2017

Stories related to "Entrepreneurship". http://www.chicagobooth.edu/magazine/spring-2017/rss

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Distinguished Alumni Awards 2017

Since 1971, we have celebrated innovative leaders across all industries, from finance to the arts, manufacturing to public service, and beyond. The Distinguished Alumni Awards honor individuals who continue to challenge and change the world we live in, exemplifying the resounding impact of Chicago Booth. This year’s winners—three from the Booth class of 1980—have blazed singular paths to the leading edges of four very different industries: oil, pharmaceutical research, cable television, and food processing. Yet they all have proven their passion for digging deeper and discovering more at every stage of their illustrious careers.

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Entrepreneurs without Borders

In June 2014, after five years in the marketing department at Coca-Cola, Jonas De Cooman, ’16 (EXP-21), felt stalled intellectually. He was ready to push his boundaries. He planned to pursue his MBA while continuing at Coca-Cola. Then unexpected policy changes at work eliminated continuing education support for De Cooman, and it looked like his plans were crumbling. So he sold his apartment. With two small children, De Cooman and his wife carefully weighed their options and the risks involved. Selling their apartment in Belgium provided the only way to afford his MBA. “I decided to pursue an MBA to kickstart my personal learning curve,” he said. De Cooman realized that he wanted to gain more control over his career and make his own mark in the global marketplace as an entrepreneur. With an extensive consumer marketing background, a global perspective, and a promising business idea, he also saw knowledge gaps he needed to fill in order to launch and operate a scalable new business. “I am driven by personal growth and I felt that I was not learning at the same pace that I used to be learning at the start of my career,” he said. “I chose to study again because I didn’t feel equipped enough to be an entrepreneur.”<br/>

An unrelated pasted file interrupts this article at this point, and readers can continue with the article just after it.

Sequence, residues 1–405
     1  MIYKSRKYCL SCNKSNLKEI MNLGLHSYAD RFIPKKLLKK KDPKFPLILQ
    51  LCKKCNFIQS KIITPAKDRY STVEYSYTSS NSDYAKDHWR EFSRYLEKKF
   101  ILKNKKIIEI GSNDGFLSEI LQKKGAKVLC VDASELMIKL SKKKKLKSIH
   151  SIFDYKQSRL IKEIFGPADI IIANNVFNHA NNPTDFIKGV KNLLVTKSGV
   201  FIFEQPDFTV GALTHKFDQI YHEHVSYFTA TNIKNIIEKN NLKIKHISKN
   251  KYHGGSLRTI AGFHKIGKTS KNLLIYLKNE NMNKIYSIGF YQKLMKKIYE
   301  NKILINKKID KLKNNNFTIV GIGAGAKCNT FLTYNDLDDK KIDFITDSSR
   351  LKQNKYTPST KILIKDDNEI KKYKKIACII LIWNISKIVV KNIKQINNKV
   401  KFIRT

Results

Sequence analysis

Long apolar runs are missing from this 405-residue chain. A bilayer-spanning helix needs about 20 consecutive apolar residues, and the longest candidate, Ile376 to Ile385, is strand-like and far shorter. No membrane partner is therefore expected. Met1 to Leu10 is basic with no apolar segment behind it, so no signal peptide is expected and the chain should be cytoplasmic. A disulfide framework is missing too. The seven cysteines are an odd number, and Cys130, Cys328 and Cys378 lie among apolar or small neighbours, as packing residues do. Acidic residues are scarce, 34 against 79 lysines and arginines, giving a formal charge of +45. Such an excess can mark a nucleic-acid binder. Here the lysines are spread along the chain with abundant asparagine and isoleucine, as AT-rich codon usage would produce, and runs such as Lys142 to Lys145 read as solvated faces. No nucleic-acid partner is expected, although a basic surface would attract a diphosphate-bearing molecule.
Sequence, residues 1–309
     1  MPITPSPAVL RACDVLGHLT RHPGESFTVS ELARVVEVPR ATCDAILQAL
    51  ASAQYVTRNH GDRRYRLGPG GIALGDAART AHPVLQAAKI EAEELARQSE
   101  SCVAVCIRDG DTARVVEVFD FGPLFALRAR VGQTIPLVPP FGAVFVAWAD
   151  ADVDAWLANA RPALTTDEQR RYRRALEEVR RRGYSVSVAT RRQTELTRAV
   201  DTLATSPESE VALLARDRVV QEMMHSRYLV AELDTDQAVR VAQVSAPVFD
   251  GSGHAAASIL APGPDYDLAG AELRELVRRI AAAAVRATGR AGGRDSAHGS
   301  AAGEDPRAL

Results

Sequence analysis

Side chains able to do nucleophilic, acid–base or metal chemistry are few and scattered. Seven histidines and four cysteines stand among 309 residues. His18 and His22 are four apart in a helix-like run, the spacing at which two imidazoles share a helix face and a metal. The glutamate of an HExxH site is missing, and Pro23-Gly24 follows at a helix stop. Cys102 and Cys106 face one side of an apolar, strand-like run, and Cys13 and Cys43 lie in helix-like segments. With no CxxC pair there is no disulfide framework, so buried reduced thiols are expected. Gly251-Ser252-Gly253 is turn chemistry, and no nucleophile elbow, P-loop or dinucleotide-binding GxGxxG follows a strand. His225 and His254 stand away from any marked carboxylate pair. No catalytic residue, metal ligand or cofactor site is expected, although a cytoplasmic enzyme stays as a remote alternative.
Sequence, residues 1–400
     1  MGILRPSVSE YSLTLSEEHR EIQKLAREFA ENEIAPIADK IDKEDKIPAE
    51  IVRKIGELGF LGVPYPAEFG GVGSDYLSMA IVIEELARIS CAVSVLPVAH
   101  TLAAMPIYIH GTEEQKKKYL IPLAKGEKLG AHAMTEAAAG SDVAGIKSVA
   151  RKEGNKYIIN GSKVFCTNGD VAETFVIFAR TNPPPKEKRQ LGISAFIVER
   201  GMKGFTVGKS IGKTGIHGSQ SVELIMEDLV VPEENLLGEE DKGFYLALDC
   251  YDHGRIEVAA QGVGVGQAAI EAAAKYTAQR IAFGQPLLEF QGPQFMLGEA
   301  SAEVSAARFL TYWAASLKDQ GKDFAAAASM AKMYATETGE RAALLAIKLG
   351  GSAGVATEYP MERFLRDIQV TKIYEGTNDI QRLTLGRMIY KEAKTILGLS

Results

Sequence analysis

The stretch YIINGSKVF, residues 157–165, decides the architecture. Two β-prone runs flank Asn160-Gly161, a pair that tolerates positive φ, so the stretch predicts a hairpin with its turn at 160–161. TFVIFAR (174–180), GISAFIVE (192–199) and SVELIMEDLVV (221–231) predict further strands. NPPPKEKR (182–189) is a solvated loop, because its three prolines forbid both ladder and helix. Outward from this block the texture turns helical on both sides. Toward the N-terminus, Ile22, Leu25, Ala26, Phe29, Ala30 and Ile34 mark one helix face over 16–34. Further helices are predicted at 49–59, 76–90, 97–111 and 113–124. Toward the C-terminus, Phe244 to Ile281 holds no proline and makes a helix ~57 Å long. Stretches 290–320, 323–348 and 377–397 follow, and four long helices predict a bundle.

conversations

Six Days to Pitch

The History: The Global New Venture Challenge (GNVC) is the Executive MBA track in the New Venture Challenge process, which began 21 years ago. We kick off the GNVC in August when all of the Executive MBA students are in Chicago for their electives. The entrepreneurs put together a feasibility study about their businesses, encourage others to join their teams, and submit an application in October. We choose about six teams from each cohort—Chicago, Hong Kong, and London—to participate in the class. The Preparation: Because the course is so short, it actually starts as soon as we choose the teams. I have a kick-off WebEx call in the fall with the teams, who are located all over the world, to start working on their business models. I then host webinars for all of the teams on business plans and presentations. Finally, I have a second, one-on-one call with each team in the winter. Business plans are due a week before class starts, because I want the teams to have written their story and really gotten it down. The Curriculum: The weeklong class is stressful. It’s intensive, and it doesn’t look like a normal class. On the first day, students present to a group of coaches, judges, and outside mentors, and they get a lot of feedback. We handpick mentors for each team based on industry, business model, and startup experience to get them started working with outside people on their model and story. <br/>